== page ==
Are psychedelic drugs making a comeback? by Kai Teo
When psychedelic drugs arrived in popular culture in the 60s, it brought with it a new wave of creative renaissance, universal love and unity, and a giant leap in the awareness of the human race in terms of equality, environmental conservation, and compassion.
The golden decade of psychedelics brought about an unprecedented level of civil disobedience in the name of peace and equality. The black civil rights movement, women’s rights movement, gay rights movement, the anti-war movement, and the environmental movement, gained huge traction during this period of psychedelic renaissance when the youths took acid, took power, and took to the streets.
The fervor of the baby boomers was extinguished into a dismal smolder when the Nixon-led administration took a harsh stance against any anti-government sentiments. Billions were spent to spread negative propaganda against the popular substances that were believed to have played a part in fuelling the growing dissatisfaction in the system. The extremely heavy penalties for possession and consumption were believed to be a way to prosecute the black community and the hippies.
“The Nixon campaign in 1968, and the Nixon White House after that, had two enemies: the antiwar left and black people. You understand what I’m saying? We knew we couldn’t make it illegal to be either against the war or black, but by getting the public to associate the hippies with marijuana and blacks with heroin, and then criminalizing both heavily, we could disrupt those communities. We could arrest their leaders, raid their homes, break up their meetings, and vilify them night after night on the evening news. Did we know we were lying about the drugs? Of course we did.” – John Ehrlichman, then counsel and assistant to the president for domestic a airs, to Dan Baum for Harper’s Magazine in 1994, about President Richard Nixon’s war on drugs.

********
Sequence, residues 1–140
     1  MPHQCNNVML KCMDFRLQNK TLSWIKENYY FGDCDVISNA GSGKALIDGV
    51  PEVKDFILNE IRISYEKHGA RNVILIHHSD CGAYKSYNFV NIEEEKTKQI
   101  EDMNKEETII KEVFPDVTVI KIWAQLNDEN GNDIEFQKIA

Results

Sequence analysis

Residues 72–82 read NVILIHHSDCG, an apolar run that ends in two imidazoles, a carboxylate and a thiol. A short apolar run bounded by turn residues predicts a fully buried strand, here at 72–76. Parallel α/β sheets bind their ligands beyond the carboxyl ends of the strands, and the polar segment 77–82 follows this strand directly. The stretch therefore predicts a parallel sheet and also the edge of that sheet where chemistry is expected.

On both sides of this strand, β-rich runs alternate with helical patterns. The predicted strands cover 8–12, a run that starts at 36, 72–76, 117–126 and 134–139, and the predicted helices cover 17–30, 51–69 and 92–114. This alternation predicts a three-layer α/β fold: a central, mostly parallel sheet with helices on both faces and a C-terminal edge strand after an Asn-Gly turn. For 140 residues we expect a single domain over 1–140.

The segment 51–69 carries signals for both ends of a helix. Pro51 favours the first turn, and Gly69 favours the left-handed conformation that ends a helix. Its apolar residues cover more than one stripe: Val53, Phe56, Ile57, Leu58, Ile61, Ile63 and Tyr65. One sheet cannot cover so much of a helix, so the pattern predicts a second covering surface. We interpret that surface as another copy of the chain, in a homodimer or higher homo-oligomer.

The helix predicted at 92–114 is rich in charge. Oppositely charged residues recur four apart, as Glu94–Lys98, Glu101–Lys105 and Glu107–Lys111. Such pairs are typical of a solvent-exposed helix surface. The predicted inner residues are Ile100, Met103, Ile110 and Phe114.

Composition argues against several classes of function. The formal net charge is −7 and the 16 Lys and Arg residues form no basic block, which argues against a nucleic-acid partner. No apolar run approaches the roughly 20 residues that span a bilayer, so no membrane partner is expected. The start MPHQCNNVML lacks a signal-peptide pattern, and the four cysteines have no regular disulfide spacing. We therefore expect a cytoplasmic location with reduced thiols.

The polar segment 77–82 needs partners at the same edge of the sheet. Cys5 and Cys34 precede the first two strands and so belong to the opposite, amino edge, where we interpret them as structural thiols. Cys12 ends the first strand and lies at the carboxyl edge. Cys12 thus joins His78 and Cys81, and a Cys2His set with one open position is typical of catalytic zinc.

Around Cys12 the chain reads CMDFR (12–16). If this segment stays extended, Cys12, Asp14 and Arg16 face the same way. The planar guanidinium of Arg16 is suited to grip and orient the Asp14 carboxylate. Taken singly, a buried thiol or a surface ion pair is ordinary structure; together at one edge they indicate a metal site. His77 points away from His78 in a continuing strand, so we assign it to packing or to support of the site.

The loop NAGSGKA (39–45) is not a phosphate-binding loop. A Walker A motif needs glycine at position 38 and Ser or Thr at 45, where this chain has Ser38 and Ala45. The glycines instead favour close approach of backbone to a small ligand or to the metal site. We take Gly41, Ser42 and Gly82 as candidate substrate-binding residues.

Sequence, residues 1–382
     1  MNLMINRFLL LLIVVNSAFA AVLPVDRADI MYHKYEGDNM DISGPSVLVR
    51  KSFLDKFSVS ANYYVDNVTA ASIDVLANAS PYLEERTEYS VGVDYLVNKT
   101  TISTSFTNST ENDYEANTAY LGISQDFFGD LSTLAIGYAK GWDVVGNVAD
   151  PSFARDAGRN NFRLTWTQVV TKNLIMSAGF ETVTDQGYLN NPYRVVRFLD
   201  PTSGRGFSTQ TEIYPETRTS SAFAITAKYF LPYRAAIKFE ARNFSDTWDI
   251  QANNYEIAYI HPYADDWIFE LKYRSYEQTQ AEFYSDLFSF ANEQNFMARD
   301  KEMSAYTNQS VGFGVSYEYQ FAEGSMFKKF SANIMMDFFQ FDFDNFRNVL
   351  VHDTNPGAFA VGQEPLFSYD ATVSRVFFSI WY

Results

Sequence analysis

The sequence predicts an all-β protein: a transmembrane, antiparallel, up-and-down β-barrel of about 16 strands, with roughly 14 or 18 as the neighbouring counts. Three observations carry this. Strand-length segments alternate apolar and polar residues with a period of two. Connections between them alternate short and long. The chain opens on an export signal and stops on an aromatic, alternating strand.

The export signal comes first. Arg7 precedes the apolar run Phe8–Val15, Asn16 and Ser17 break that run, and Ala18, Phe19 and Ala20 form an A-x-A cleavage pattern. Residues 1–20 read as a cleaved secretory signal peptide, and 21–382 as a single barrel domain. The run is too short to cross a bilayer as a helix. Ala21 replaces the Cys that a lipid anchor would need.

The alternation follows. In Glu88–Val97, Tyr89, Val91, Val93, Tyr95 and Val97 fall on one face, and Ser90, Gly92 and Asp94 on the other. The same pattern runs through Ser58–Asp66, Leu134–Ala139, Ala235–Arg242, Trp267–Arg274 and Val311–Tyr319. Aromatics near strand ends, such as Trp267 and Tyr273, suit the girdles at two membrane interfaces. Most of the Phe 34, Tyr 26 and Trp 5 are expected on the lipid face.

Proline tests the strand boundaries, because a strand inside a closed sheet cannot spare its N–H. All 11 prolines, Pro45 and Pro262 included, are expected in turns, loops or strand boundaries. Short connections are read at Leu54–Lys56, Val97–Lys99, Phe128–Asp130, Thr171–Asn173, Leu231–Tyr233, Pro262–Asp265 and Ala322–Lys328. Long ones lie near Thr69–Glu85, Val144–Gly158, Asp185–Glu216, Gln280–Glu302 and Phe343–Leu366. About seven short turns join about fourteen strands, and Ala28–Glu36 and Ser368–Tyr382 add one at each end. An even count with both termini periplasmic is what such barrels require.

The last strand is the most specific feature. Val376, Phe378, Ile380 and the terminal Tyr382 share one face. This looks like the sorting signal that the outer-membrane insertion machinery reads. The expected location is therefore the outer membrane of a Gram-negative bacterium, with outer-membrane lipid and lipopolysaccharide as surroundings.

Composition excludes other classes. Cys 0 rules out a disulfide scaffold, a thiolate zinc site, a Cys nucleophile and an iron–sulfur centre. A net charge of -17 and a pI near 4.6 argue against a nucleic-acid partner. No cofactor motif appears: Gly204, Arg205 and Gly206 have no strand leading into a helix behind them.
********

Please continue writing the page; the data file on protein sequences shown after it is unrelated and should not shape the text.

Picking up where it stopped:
But as the Internet neutralized the power of a controlled press, the world started to become more aware of the benefits of medical marijuana, and are starting to challenge the illegality of other mind-altering substances, including psychedelics.
Today, psychedelic drugs are starting to become recognized as potent treatments to illnesses such as PTSD and depression, and are also being explored for entheogenic uses i.e. using substances to explore one's consciousness and spirituality.
As an activist of psychedelic use, Kai Teo has seen the comeback of psychedelics in the underground scene and its effects on these communities, and he has documented his experiences in "Rainbow Warrior Handbook – The Underground Guide to The Psychedelic Revolution", published by Motivational Press.
Let him take you on a mind-boggling journey into the psychedelic consciousness, and join him as he discusses the ideas commonly encountered by psychonauts.
After all, "If everyone takes acid, the world could be a better place."